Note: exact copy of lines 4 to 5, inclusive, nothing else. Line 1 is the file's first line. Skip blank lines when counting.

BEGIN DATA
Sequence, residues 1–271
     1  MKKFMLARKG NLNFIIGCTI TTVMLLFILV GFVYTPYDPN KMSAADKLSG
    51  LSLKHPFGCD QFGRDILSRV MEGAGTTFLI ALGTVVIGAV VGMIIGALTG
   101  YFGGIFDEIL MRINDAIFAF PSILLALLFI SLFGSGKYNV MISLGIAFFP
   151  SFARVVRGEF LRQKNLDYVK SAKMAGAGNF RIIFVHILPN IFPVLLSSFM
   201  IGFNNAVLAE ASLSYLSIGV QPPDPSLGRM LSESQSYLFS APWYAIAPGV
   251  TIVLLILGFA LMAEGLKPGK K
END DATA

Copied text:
   101  YFGGIFDEIL MRINDAIFAF PSILLALLFI SLFGSGKYNV MISLGIAFFP
   151  SFARVVRGEF LRQKNLDYVK SAKMAGAGNF RIIFVHILPN IFPVLLSSFM